Additional medications known as angiotensin-converting enzyme (ACE) inhibitors and angiotensin receptor blockers (ARB) have been used in children with elevated levels of proteins in their urine to prevent or delay a further decline in kidney function. The effectiveness of these medications in children with Dent disease is unclear.
Vitamin D to treat rickets, if used, may be done so cautiously because excess amounts of vitamin D can increase calcium levels in the urine. Growth failure in children may be treated with growth hormone supplementation. A high citrate diet or citrate supplements have also been used to treat some individuals with Dent disease, based on the observation that a high citrate diet slows progression of kidney disease in a mouse model of Dent disease, although the efficacy of citrate is unproven in humans.
If kidney function continues to decline, or in cases where an individual is first diagnosed with Dent disease after the development of end-stage renal disease, additional more aggressive treatment may be required including hemodialysis, peritoneal dialysis, and a kidney transplant.
A registry for hereditary calcium stone disorders has been set up at the Mayo Clinic. A registry is a special database that contains information about individuals with a specific disorder or group of conditions. The collection of data about rare disorders may enable researchers to increase the understanding of such disorders, expand the search for treatments, and accelerate clinical trials into specific treatment options. For more information, contact:
International Registry for Hereditary Calcium Stone Diseases
200 First Street SW
Rochester, MN 55905
Information on current clinical trials is posted on the Internet at www.clinicaltrials.gov. All studies receiving U.S. government funding, and some supported by private industry, are posted on this government web site.
Information on current clinical trials in Dent disease by Rare Kidney Stone Consortium is available on the Internet at http://rarediseasesnetwork.epi.usf.edu/RKSC/studies/index.htm.
For information about clinical trials being conducted at the NIH Clinical Center in Bethesda, MD, contact the NIH Patient Recruitment Office:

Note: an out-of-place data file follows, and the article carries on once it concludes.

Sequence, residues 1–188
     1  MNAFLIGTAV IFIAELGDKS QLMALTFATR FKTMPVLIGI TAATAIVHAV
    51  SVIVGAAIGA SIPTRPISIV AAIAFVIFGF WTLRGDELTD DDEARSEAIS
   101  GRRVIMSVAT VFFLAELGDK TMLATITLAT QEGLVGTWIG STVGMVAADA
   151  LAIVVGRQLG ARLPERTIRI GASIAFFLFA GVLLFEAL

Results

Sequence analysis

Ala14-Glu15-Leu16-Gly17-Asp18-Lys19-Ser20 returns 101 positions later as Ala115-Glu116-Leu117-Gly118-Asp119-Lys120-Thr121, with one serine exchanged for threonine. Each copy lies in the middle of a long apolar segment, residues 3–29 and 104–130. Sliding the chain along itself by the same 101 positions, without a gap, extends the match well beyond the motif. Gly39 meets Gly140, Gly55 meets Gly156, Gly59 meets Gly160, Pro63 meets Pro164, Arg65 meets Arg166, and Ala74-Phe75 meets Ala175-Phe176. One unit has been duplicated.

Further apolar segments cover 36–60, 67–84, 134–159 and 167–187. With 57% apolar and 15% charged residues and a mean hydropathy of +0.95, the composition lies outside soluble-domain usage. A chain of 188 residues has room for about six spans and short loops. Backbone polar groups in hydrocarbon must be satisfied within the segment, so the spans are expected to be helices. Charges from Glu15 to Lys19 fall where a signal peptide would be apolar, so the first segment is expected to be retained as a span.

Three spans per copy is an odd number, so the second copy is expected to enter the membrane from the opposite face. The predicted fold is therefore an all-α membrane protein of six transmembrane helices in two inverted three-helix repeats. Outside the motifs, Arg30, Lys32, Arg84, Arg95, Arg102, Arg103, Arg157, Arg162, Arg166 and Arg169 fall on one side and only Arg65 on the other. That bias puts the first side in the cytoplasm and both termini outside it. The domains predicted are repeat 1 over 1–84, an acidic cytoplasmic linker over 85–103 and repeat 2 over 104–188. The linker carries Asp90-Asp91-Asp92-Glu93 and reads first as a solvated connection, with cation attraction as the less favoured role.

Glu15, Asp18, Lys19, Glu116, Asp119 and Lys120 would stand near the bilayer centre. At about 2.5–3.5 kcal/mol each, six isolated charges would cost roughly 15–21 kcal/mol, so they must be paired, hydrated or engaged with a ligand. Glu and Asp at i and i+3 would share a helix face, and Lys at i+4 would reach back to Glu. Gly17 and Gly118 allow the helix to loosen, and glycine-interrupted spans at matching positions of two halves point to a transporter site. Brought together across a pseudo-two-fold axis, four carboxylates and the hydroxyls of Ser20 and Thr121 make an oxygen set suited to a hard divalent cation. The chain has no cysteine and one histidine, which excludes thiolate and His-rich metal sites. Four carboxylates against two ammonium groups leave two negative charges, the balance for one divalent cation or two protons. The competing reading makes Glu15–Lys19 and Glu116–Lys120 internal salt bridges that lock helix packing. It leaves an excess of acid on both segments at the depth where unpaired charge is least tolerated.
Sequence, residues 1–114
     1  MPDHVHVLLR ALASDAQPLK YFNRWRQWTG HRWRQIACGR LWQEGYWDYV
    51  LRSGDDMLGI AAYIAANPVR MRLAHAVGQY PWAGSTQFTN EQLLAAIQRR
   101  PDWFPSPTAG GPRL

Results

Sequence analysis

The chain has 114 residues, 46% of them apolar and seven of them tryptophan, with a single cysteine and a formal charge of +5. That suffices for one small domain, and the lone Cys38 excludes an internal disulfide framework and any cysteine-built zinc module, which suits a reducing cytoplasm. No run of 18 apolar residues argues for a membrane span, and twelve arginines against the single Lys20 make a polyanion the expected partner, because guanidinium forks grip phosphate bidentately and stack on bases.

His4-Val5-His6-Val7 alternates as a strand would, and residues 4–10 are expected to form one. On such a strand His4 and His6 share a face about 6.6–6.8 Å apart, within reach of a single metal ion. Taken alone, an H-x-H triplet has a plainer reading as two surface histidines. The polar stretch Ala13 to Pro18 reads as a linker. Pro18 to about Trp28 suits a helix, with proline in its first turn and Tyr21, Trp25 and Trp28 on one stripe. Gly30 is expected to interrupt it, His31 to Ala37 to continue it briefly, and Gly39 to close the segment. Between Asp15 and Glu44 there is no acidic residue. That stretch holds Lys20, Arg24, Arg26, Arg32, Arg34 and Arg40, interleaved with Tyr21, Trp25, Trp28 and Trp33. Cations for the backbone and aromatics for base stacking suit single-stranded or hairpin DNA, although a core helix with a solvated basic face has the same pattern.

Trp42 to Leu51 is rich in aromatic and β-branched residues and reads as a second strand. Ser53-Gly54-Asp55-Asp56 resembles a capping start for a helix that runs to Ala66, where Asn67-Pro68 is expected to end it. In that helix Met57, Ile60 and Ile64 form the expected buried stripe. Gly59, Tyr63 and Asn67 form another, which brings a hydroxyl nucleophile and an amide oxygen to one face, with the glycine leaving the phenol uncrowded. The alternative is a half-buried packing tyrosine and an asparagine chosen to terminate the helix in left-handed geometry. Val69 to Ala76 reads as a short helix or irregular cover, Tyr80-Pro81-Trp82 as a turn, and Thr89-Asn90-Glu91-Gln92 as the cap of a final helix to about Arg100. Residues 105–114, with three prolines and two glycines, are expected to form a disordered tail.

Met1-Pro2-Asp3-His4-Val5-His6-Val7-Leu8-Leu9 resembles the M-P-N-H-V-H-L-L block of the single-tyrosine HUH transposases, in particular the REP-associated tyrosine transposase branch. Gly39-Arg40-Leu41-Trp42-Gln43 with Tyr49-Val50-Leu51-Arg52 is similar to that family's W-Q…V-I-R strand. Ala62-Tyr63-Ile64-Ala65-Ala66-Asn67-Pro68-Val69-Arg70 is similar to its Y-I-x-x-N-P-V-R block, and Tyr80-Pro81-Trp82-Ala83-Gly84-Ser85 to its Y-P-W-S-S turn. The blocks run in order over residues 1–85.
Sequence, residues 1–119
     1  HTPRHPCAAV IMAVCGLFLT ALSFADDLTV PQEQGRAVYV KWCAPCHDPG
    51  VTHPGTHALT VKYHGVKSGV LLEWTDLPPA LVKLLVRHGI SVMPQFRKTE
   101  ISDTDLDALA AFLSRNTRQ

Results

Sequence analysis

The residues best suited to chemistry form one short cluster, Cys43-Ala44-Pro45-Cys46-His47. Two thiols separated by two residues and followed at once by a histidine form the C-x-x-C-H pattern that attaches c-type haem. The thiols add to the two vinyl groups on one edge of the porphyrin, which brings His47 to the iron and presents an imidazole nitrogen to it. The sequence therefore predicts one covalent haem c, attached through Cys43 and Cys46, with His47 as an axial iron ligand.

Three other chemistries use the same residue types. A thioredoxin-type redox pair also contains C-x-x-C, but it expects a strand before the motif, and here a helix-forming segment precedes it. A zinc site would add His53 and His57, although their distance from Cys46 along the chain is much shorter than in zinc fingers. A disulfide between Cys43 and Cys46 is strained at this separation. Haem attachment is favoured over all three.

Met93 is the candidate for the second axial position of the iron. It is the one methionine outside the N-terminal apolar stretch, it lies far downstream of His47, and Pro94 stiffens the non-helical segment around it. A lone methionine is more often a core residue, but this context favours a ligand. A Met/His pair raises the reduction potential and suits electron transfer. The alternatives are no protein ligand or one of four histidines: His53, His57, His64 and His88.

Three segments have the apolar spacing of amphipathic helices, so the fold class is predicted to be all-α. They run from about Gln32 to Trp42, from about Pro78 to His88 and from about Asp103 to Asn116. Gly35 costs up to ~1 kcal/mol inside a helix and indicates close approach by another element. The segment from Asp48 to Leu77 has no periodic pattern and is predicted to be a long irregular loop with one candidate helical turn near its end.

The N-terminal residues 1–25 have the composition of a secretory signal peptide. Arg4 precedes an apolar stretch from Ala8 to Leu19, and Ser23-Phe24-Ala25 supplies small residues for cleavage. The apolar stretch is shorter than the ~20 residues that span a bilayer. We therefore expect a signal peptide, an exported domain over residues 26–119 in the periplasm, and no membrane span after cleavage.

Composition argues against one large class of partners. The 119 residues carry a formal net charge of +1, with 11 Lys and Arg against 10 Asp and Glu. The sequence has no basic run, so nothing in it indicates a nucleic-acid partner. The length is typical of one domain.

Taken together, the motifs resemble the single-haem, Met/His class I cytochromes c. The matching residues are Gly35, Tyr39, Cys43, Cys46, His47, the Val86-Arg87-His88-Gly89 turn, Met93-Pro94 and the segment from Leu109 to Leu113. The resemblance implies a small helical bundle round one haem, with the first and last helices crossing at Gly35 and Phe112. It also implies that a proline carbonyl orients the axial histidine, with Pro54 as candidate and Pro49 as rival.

Toll-free: (800) 411-1222
TTY: (866) 411-1010
For information about clinical trials sponsored by private sources, in the main, contact:
For more information about clinical trials conducted in Europe, contact: https://www.clinicaltrialsregister.eu/
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Becker-Cohen R, Rinat C, Ben-Shalom E, et al. Vitamin A deficiency associated with urinary retinol binding protein wasting in Dent’s disease. Pediatr Nephrol. 2012;27:1097-1102. http://www.ncbi.nlm.nih.gov/pubmed/22350370
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Blanchard A, Vargas-Poussou R, Peyrard S, et al. Effect of hydrochlorothiazide on urinary calcium excretion in Dent disease: an uncontrolled trial. Am J Kidney Dis. 2008;52:1084-1095. http://www.ncbi.nlm.nih.gov/pubmed/18976849
Hoopes RR Jr., Shrimpton AE, Knohl SJ, et al. Dent disease with mutations in OCRL1. Am J Hum Genet. 2005;76:260-267. http://www.ncbi.nlm.nih.gov/pubmed/15627218
Thakker RV. Pathogenesis of Dent’s disease and related syndromes of X-linked nephrolithiasis. Kidny Int. 2000;57:787-793. http://www.ncbi.nlm.nih.gov/pubmed/10720930
Lieske J, Milliner DS, Beara-Lasic L, Rossetti S. Dent Disease. 2012 Aug 9. In: Pagon RA, Bird TD, Dolan CR, et al., GeneReviews. Internet. Seattle, WA: University of Washington, Seattle; 1993-. Available at: http://www.ncbi.nlm.nih.gov/books/NBK99494/ Accessed on: October 27, 2013
Devuyst O, Thakker RV. Dent Disease. Orphanet Encyclopedia, January 2011. Available at: http://www.orpha.net/ Accessed on: October 27, 2013.